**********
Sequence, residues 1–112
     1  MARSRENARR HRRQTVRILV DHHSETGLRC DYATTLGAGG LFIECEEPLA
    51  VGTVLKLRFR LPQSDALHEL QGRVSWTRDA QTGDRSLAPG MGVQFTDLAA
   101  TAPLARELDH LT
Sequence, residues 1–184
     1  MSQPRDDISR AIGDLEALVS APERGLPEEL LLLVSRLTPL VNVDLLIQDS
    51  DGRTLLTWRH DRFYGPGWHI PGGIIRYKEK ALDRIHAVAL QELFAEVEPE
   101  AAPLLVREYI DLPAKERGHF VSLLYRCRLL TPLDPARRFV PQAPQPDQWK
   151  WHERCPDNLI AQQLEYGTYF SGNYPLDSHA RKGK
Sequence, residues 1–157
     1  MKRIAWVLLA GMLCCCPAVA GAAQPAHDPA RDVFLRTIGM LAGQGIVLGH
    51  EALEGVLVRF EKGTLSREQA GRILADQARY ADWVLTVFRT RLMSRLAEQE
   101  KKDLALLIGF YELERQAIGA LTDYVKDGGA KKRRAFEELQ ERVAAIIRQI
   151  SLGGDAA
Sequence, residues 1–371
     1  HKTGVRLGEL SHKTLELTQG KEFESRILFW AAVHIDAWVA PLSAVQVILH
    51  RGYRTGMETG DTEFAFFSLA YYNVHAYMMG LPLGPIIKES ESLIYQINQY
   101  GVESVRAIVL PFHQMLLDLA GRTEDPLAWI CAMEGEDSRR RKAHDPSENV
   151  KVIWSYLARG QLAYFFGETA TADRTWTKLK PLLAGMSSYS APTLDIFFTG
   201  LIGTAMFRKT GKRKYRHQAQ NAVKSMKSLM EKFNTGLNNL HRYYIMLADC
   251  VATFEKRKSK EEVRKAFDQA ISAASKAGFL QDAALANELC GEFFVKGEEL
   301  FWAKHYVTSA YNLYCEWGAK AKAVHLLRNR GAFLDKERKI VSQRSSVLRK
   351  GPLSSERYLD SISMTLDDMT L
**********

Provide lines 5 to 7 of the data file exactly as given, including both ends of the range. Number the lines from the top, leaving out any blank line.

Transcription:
Sequence, residues 1–184
     1  MSQPRDDISR AIGDLEALVS APERGLPEEL LLLVSRLTPL VNVDLLIQDS
    51  DGRTLLTWRH DRFYGPGWHI PGGIIRYKEK ALDRIHAVAL QELFAEVEPE